June 26 - August 14, 2021

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Looking back to the year that was and where we were last March, the word grateful comes to mind. Being grateful however, is clearly an understatement. Our membership rallied in their support during the temporary change to host back to back virtual Annual shows as well as the creation of a brand new CAFA+ Members show. Technology came to our rescue, helped us pull off these spectacular shows, and got us through without too much skin off our nose! A lot of patience and determination goes a long way.


Our second virtual exhibition was narrowed down to 150 pieces of outstanding art from a total of 599 works from 275 artists scattered across the US and beyond. Our jurors, Dora Atwater Millikin and Dominic Molon, created a unique show illustrating abundant talent and diversity. We thank them for their professionalism and eagerness to fulfill their task.


Remember what it was like to enter into a gallery on opening night, or thereafter, and feel the excitement and energy within? A brand new show unfolding right before you. Devouring works with your eyes, sharing compliments, and congratulating award winners and show participants. Mingling with fellow artists amidst the buzz, offering a gentle pat on the back or a slight nod from across the room. Fast forward to 2022, and CAFA’s 111th Annual Exhibition will once again be under an actual roof with the same sense of belonging and where friends, art lovers, and art share the same space in time. I am delighted to announce that the Lyme Academy of Fine Arts will be that place.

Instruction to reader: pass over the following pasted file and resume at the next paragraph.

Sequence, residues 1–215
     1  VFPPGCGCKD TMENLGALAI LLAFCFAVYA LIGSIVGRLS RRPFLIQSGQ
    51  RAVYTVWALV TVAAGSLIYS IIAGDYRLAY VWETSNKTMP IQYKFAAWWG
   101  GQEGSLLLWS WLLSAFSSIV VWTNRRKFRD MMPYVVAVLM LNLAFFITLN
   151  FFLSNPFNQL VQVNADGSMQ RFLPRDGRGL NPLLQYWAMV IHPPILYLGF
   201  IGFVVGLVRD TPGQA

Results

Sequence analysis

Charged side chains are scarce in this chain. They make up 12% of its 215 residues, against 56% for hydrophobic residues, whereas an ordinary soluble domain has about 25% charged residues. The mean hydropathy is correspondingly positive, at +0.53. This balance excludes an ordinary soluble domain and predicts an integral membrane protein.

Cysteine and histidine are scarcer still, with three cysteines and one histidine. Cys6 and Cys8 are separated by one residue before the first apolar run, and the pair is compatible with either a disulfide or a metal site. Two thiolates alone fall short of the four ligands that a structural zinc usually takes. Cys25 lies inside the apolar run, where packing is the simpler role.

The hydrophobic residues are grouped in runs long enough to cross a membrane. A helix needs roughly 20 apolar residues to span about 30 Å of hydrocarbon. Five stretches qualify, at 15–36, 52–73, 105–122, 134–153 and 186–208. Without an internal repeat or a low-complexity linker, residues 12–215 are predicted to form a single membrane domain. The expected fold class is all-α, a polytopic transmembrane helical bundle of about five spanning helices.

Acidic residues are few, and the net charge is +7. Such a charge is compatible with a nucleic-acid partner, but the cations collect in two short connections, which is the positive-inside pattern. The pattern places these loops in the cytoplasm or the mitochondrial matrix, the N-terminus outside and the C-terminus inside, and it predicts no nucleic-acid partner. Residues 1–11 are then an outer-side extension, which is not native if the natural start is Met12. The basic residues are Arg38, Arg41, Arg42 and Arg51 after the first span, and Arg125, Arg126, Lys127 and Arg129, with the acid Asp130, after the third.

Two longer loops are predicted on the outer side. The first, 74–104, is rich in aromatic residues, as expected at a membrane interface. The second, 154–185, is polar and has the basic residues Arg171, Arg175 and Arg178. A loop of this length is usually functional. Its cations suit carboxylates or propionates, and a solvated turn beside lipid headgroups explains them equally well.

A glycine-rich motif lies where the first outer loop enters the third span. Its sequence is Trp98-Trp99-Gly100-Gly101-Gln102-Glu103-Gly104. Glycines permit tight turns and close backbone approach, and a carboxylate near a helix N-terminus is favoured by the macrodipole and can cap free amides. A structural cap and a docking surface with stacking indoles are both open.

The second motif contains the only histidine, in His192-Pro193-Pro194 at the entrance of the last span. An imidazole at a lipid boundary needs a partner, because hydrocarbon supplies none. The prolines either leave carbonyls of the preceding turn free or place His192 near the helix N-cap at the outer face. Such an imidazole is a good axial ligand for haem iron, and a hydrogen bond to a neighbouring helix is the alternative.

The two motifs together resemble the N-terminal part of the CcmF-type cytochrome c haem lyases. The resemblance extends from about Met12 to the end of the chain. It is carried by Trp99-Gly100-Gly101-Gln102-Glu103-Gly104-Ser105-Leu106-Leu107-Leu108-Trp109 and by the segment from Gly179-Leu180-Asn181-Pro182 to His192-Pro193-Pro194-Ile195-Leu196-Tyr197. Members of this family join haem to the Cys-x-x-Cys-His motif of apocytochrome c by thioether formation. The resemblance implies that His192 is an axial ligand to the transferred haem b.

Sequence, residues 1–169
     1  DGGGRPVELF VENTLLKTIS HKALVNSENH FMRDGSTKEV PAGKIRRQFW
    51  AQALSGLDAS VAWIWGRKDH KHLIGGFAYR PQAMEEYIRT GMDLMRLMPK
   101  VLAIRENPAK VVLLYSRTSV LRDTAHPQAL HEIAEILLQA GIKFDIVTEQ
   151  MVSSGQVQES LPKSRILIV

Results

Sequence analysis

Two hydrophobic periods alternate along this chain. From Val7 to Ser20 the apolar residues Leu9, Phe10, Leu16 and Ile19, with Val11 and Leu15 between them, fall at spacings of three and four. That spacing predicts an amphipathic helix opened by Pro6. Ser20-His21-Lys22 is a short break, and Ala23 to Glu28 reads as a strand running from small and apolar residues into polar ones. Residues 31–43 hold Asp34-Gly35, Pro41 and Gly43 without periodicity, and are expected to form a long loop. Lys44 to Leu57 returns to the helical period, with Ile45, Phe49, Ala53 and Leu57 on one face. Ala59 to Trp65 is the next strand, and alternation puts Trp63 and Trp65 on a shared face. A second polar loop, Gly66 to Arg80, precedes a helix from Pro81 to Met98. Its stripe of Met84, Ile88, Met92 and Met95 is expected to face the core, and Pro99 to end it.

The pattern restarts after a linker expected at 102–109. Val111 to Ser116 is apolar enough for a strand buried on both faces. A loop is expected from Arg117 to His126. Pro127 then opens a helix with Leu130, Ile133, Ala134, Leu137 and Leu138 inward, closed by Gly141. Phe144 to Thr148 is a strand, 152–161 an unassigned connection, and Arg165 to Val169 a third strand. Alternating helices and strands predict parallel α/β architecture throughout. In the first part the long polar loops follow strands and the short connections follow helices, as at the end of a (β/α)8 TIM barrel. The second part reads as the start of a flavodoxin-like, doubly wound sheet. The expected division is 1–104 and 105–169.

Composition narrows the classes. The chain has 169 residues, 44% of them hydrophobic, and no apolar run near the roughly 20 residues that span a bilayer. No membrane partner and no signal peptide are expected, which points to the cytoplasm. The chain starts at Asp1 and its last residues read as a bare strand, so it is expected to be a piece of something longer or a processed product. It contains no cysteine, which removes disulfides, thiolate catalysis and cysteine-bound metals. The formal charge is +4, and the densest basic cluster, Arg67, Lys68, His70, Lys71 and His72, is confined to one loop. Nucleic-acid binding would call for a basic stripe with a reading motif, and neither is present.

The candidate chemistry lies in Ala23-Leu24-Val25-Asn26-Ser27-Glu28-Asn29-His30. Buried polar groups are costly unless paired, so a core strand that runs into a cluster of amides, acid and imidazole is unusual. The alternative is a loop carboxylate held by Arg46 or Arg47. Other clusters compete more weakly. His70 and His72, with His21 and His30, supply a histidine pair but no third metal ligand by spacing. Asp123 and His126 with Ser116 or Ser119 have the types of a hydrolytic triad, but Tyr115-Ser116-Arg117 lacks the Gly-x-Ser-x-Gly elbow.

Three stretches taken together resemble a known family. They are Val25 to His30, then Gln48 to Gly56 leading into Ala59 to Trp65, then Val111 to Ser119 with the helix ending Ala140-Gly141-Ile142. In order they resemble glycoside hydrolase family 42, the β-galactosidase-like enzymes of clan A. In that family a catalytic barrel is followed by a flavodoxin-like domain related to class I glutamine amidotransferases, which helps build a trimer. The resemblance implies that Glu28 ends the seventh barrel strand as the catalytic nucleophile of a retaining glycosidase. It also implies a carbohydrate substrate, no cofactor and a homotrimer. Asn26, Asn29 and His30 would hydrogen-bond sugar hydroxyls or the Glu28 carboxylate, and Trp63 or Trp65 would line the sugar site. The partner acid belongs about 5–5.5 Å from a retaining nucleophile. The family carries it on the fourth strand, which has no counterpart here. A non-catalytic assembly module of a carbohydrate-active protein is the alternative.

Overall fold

I raise a glass to the many artists who entered into CAFA’s 2021 show, and offer congratulations to those whose work appears in our virtual exhibition and to all the worthy prize winners.

Here’s looking to brighter and better days ahead.

Gabrielle Robinson

CAFA Director


In jurying a body of work such as this, I look for variety and strength of composition whether it be seen in
two or three-dimensional work. Solid form achieved through accomplished skills is more important to me than superfluous detail and the mimicking of other artists. I like to see the artists’ individual personality in the work I jury.

Dora Atwater Millikin

Given the broad range of mediums represented in the submitted works, I try to consider how the artist
is engaging with the larger history of artworks made in that particular format or genre. I contemplate how their work is encouraging us to rethink what we already know about painting, sculpture, ceramics, or whatever discipline they’re working within. I am also particularly interested in works that defy or question clichéd or conventional ways of approaching a particular subject or theme and using unexpected colors, perspectives, or compositional strategies to reveal a truly personal vision.

Dominic Molon